Lawmakers seek hearing on Carrier IQ privacy issues

Rep. Henry Waxman, two other lawmakers still have questions

By , Computerworld |  Security, Carrier IQ, privacy

The Carrier IQ privacy controversy shows little signs of letting up, as three lawmakers today called for a Congressional hearing on the implications raised by the use of the company's software by wireless carriers.

Reps. Henry Waxman (D-CA), G.K Butterfield (D-NC) and Diana DeGette (D-CO) sent an open letter ( download PDF ) to Rep. Fred Upton (R-MI), chairman of the House Energy and Commerce Committee, asking for an investigation of the data collection and transmission capabilities of Carrier IQ's software and similar products.

The letter, sent to Upton and two other subcommittee chairs, also asked Congress to find out whether Android phones were sold with security problems that would have exacerbated the problems caused by Carrier IQ's software.

"Data collection and transmission by Carrier IQ and similar software is widespread, and consumers appear to have little knowledge and even less control over the practice," the three lawmakers wrote. "There continue to be many unanswered questions about the handling of this data and the extent to which its collection, analysis, and transmission pose legitimate privacy concerns for the American public."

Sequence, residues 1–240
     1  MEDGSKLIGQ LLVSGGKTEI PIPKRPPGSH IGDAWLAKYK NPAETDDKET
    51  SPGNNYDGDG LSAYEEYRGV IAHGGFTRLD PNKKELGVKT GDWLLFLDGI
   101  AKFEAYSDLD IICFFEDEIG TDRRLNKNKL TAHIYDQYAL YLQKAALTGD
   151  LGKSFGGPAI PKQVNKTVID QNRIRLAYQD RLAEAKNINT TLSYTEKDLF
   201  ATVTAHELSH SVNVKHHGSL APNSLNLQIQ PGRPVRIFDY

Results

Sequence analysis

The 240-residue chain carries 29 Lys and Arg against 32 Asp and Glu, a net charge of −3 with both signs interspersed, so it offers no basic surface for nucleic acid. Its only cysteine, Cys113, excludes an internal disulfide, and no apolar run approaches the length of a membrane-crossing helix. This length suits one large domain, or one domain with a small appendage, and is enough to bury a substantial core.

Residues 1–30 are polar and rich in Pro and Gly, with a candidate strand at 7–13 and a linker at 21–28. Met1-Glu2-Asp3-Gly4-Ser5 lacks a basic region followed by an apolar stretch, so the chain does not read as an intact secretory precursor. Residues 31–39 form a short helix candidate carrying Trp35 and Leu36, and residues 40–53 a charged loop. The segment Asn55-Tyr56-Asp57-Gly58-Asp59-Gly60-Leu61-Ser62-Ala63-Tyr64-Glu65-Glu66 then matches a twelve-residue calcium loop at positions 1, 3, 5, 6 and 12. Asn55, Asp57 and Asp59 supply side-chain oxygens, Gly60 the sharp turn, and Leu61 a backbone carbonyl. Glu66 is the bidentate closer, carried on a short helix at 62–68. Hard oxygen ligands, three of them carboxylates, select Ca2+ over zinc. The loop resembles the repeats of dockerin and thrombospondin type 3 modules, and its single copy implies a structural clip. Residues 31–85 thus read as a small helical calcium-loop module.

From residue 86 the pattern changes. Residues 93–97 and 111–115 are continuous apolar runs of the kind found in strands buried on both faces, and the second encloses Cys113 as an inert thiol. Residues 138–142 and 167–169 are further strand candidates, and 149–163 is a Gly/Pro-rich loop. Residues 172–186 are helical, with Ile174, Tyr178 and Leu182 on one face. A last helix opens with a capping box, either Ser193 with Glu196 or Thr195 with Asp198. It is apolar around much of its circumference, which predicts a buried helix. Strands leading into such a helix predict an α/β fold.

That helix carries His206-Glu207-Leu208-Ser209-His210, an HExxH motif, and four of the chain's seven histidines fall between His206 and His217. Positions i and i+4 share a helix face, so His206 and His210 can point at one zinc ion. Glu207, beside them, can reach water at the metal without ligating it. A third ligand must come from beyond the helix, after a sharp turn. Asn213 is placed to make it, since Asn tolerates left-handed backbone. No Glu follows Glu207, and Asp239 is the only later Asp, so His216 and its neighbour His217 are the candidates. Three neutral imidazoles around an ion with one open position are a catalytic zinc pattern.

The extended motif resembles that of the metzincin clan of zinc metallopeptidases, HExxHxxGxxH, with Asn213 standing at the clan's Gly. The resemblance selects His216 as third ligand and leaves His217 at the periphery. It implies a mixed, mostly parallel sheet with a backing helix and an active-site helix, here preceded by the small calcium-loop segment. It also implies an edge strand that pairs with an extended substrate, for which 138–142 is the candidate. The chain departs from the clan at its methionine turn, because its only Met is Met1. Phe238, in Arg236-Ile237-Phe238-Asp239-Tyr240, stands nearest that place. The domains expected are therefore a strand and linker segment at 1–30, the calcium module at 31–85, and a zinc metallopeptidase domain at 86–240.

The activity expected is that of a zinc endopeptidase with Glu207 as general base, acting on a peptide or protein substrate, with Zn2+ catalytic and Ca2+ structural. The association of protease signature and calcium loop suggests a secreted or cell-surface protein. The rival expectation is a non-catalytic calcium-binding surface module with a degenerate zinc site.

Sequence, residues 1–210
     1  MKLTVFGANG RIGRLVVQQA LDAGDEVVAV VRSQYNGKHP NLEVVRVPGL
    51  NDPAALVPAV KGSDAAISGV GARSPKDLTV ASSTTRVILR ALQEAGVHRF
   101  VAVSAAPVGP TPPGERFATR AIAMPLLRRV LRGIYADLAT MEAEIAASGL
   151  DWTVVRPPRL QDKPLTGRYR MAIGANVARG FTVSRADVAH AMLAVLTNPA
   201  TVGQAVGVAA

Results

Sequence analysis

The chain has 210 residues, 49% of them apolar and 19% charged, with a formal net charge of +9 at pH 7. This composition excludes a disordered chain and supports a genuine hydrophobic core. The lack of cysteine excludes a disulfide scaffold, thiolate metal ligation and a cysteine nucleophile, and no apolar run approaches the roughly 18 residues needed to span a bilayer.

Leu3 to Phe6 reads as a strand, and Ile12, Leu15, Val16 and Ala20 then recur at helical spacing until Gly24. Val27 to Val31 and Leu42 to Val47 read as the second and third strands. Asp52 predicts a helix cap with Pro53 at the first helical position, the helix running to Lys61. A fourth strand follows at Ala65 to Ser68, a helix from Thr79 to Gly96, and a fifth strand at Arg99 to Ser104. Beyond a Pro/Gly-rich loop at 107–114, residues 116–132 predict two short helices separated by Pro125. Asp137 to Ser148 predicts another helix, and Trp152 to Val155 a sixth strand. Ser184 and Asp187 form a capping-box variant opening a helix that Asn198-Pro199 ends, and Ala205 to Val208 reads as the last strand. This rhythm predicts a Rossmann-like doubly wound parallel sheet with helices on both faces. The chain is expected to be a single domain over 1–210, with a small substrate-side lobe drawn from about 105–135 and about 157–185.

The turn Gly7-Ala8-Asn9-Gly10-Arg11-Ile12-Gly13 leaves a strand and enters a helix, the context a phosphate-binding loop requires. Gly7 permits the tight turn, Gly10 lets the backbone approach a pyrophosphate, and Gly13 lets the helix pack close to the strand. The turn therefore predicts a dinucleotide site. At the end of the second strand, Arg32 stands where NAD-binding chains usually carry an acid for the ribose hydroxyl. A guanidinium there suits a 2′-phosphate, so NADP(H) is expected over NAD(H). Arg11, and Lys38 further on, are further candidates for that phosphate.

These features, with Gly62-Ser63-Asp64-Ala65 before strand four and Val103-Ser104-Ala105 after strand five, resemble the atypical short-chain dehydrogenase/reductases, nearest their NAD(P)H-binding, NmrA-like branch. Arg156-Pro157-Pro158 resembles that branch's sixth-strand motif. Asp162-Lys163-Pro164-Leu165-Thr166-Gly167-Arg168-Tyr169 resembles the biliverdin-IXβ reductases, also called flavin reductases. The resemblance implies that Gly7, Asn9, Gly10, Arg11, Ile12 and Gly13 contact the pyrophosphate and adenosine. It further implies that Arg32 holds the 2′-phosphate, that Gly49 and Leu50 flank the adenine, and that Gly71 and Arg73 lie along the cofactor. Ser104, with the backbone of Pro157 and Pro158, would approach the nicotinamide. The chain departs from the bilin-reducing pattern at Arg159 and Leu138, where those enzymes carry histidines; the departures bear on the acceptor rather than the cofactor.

The Carrier IQ controversy erupted in late November, after independent security researcher Trevor Eckhart published a report showing how Carrier IQ's software could be used by wireless carriers to capture detailed information from Android-powered mobile devices, iPhones and other smartphones.

Eckhart's disclosure ignited a firestorm of concern and criticism from multiple quarters -- especially when it became clear that the software had been quietly installed on millions of handsets, had been collecting information without notice and was hard to remove.

Several wireless service providers and handset makers, including AT&T, Sprint, Apple, HTC and Samsung admitted to installing the software in their mobile devices and were promptly hit with lawsuits alleging violation of federal wiretap laws.

Originally published on Computerworld |  Click here to read the original story.
Join us:






Answers - Powered by ITworld

Ask a Question